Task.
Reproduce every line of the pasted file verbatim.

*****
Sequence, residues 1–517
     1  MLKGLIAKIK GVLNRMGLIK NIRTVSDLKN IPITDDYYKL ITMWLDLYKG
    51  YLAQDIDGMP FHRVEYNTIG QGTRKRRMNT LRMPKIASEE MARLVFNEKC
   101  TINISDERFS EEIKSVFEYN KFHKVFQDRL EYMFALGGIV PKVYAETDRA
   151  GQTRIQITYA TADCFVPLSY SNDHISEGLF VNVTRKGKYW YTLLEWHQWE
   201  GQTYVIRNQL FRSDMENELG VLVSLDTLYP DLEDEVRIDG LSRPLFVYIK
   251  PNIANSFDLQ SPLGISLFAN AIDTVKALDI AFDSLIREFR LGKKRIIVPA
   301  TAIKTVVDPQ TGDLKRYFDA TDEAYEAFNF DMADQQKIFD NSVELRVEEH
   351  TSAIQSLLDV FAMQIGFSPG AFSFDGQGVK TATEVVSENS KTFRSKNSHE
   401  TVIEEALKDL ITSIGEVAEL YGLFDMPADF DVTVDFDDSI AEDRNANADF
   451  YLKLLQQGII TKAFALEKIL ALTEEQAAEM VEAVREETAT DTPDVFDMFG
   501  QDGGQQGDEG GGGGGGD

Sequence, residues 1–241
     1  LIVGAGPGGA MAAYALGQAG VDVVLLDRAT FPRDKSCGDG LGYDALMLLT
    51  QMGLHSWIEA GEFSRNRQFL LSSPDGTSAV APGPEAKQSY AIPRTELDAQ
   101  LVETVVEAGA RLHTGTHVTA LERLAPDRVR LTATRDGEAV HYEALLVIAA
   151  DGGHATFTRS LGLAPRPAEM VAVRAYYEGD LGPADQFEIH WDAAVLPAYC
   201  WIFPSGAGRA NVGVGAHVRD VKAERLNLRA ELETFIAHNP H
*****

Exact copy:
Sequence, residues 1–517
     1  MLKGLIAKIK GVLNRMGLIK NIRTVSDLKN IPITDDYYKL ITMWLDLYKG
    51  YLAQDIDGMP FHRVEYNTIG QGTRKRRMNT LRMPKIASEE MARLVFNEKC
   101  TINISDERFS EEIKSVFEYN KFHKVFQDRL EYMFALGGIV PKVYAETDRA
   151  GQTRIQITYA TADCFVPLSY SNDHISEGLF VNVTRKGKYW YTLLEWHQWE
   201  GQTYVIRNQL FRSDMENELG VLVSLDTLYP DLEDEVRIDG LSRPLFVYIK
   251  PNIANSFDLQ SPLGISLFAN AIDTVKALDI AFDSLIREFR LGKKRIIVPA
   301  TAIKTVVDPQ TGDLKRYFDA TDEAYEAFNF DMADQQKIFD NSVELRVEEH
   351  TSAIQSLLDV FAMQIGFSPG AFSFDGQGVK TATEVVSENS KTFRSKNSHE
   401  TVIEEALKDL ITSIGEVAEL YGLFDMPADF DVTVDFDDSI AEDRNANADF
   451  YLKLLQQGII TKAFALEKIL ALTEEQAAEM VEAVREETAT DTPDVFDMFG
   501  QDGGQQGDEG GGGGGGD

Sequence, residues 1–241
     1  LIVGAGPGGA MAAYALGQAG VDVVLLDRAT FPRDKSCGDG LGYDALMLLT
    51  QMGLHSWIEA GEFSRNRQFL LSSPDGTSAV APGPEAKQSY AIPRTELDAQ
   101  LVETVVEAGA RLHTGTHVTA LERLAPDRVR LTATRDGEAV HYEALLVIAA
   151  DGGHATFTRS LGLAPRPAEM VAVRAYYEGD LGPADQFEIH WDAAVLPAYC
   201  WIFPSGAGRA NVGVGAHVRD VKAERLNLRA ELETFIAHNP H